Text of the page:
The opinion of the court was delivered by: DUFFY
KEVIN THOMAS DUFFY, D.J.:
Plaintiff, William E. Brock, Secretary of Labor ("the Secretary"), United States Department of Labor ("Labor Department"), brings this action against defendant, Judith Wilamowsky, doing business as Continental Word Processing ("CWP"), alleging a willful violation of the overtime compensation and recordkeeping provisions of the Fair Labor Standards Act ("FLSA"), 29 U.S.C. 201 et seq. (1982). Specifically, the Labor Department claims violations of sections 207, 211, 215(a)(2) and (a)(5). The Secretary seeks liquidated damages and back wages for defendant's temporary word processor employees from June 1, 1982 until the present and a permanent injunction restraining the defendant from violating the above sections.
Plaintiff moves for a partial summary judgment pursuant to Fed. R. Civ. P. 56(a), and defendant cross-moves for summary judgment. If defendant is found liable for backwages, the parties have agreed that the total amount due and owing defendant's employees in overtime compensation would be $75,797.68.
CWP is a temporary employment agency which provides word processing services to its clients on a 24 hour, round-the-clock, seven-days-a-week basis. For the purposes of this litigation, the parties agree that the temporary word processors are employees within the meaning of Section 3(e)(1) of the Fair Labor Standards Act. 29 U.S.C. 203(e)(1) (1982).
CWP's main office is open and its full-time staff on duty, Monday through Friday, from 9:00 a.m. to 5:00 p.m. CWP receives calls from clients requesting temporary word processors for particular days and times. CWP keeps lists indicating an employee's level of skill and hours of availability. CWP's full-time employees, called counselors, are responsible for contacting the temporary employees to see if they are available for specific jobs. Between 200 and 300 word processors are employed by CWP per week. During any given workweek, a word processor may work for a number of different clients, and may work an unspecified number of hours during one or more of the following work periods:
Day: 8:00 a.m. to 5:00 p.m.;
Evening: 5:00 p.m. to 12:00 midnight; and
Night: 12:00 midnight to 8:00 a.m..
Word processors have the option of working different time periods from one day to the next and are not required to accept a particular job. The defendant allows that, "... it is the individual word processor, not the agency, who controls when and how many hours he works." Defendant's Reply to Plaintiff's Second Memorandum of Law in Support of Plaintiff's Motion for Partial Summary Judgment, and to Plaintiff's Opposition to Defendant's Cross-Motion for Summary Judgment at 9 (hereinafter "Defendant's Reply Memo"). Thus, the number of hours and the time periods worked may vary from day to day and week to week.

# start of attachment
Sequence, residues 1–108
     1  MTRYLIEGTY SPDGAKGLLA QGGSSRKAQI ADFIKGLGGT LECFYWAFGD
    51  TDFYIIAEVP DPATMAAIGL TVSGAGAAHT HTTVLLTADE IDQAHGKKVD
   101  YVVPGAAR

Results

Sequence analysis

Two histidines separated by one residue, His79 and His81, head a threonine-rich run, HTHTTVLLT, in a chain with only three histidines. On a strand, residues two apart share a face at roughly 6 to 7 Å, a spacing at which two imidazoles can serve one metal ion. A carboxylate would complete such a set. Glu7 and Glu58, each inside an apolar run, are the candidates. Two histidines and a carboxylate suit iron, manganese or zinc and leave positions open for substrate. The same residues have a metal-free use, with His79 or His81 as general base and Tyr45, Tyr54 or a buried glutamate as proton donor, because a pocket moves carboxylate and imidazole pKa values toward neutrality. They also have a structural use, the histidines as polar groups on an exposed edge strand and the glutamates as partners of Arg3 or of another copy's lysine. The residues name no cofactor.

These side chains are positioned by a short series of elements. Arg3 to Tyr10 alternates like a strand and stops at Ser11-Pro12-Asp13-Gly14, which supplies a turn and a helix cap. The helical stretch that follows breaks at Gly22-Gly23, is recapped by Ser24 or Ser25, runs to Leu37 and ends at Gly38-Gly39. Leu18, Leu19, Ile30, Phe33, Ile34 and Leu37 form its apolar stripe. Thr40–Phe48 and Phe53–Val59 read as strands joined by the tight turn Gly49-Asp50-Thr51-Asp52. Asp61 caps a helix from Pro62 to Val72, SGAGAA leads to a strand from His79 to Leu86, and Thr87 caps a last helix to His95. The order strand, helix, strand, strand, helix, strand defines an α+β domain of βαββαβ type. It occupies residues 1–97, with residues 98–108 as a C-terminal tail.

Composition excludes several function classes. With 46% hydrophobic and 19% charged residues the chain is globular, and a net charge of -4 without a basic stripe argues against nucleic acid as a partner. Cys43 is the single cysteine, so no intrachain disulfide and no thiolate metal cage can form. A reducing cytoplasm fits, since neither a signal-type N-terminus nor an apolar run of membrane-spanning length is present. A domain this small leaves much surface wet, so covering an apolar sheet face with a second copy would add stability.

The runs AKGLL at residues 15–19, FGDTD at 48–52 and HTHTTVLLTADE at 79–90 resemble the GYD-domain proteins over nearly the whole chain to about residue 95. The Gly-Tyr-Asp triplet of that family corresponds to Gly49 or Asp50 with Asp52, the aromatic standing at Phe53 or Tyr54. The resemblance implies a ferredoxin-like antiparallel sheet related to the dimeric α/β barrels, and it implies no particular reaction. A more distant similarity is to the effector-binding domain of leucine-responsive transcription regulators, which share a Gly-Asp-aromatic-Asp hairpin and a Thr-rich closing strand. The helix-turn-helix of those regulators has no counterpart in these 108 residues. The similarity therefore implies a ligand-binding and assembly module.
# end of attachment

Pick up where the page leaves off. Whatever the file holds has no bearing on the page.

The defendant pays its temporary word processors by the hour at a differing rate depending on which of the three time periods the employee works. The pay scale, per hour, in each of the time periods is as follows:
Word Processor 8 to 5 5 to 12 midnight 12 midnight to 8 a.m.
Beginner $ 10 $ 13 $ 16
Intermediate 11 14 17
Advanced 12 15 18
The 5:00 p.m. to midnight pay rate is one and a quarter times the day rate. The midnight to 8:00 a.m. rate is one and a half times the day rate. If a word processor works into a period of the day for which the pay rate is different, he or she is paid for those hours at the rate for that period or at the rate for the period immediately preceeding, whichever is higher.
Both parties agree that any employee who works over forty (40) hours in a workweek is entitled to overtime pay and that the overtime pay should be one and one-half times the "regular rate" of pay as required by 29 U.S.C. § 207(a)(1). The parties disagree, however, as to how the regular rate of pay is to be determined.
Plaintiff also argues that CWP's recordkeeping practices do not comply with the requirements of 29 U.S.C. §§ 211(c) and 215(a)(5) as implemented by 29 C.F.R. §§ 516.2(a) and 516.7.
In May, 1984, the Labor Department conducted an investigation into CWP's recordkeeping practices and found that neither CWP's employee time sheets nor its computerized records indicated weekending totals for the hours worked per week. Nancy K. Lipson Affidavit, PP 1, 16 and 17. After CWP was informed that its recordkeeping forms were inadequate, it redid its computer program and since September 1984, has calculated weekending totals. Additionally, the defendant has used its old timesheet records to calculate the weekending totals and possible overtime due for all weeks back to June, 1982 pursuant to the Labor Department's request. Carol Chen Affidavit, February 18, 1986, P 4, Judith Wilamowsky Affidavit, February 21, 1986, PP 12 and 13.